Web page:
08 November 2008


When you can't put a game away, you get burnt. That's exactly what happened to Penn State at Iowa this afternoon...field goals instead of touchdowns, punts instead of field goals, and two crucial turnovers: one to begin the game and one to set up Iowa's winning drive at the end of the game. I said Penn State would win by at least 24...well, 24 points are how many Iowa scored, so at least that number meant something. Unfortunately, Penn State scored 23.

I didn't do too well in my other calls either, with the exception of the Florida State v. Clemson game, which I pretty much called on nose, a 14 point win for FSU. I suppose the Texas Tech v. OK State game was a "high scoring affair" for both teams, although TT was clearly in charge of that game.

I completely fell flat with USC v. Cal, because I thought USC would pound Cal. And I was had the wrong ACC team dropping out of the Top 25, since UNC beat Ga Tech convincingly. And Alabama escaped Baton Rouge with their unbeaten record intact. Barely.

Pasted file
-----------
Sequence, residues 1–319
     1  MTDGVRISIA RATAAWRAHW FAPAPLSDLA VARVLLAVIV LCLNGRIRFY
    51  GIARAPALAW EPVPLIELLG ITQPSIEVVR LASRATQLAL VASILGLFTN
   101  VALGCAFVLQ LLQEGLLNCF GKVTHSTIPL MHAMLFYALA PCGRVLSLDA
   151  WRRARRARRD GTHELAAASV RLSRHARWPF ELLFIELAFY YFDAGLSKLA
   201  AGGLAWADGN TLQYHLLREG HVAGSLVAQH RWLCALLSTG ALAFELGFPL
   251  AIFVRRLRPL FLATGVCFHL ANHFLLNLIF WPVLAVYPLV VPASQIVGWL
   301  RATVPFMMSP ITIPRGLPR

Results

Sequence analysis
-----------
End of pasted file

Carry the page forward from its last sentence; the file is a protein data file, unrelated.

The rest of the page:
Really, the only saving grace of the day for me was that Charlie Weis got himself shut out in Boston. I still remember him bragging when he arrived in South Bend that he was an offensive genius...I suppose it's true that genius isn't understood in its own time.


mysterygirl! said...

I'm not surprised at all that you just turned around Penn State's choke job as another reason to whine redundantly about Notre Dame. Notre Dame isn't good. Their loss a hollow victory for you at best. Go do some yoga or something. Shake it off.

Still love ya, Cuff...

cuff said...

MG!: When are you going to update your blog? Look, when you're feeling down you'll kick the first available dog...and Charlie Weis is that dog. Don't worry, once he's gone I'll stop hating on the Golden Dome.

JES said...

God, I love good NCAA trash talk on Sunday morning! (Especially about teams I have no personal stake in.)

I was way surprised at the Penn State result. There's something stupid, artificial, and discouraging about (a) the no-ties-allowed rule, (b) the power of a single loss, in the last few seconds, to nuke a team's rank, or (c) both (a) and (b).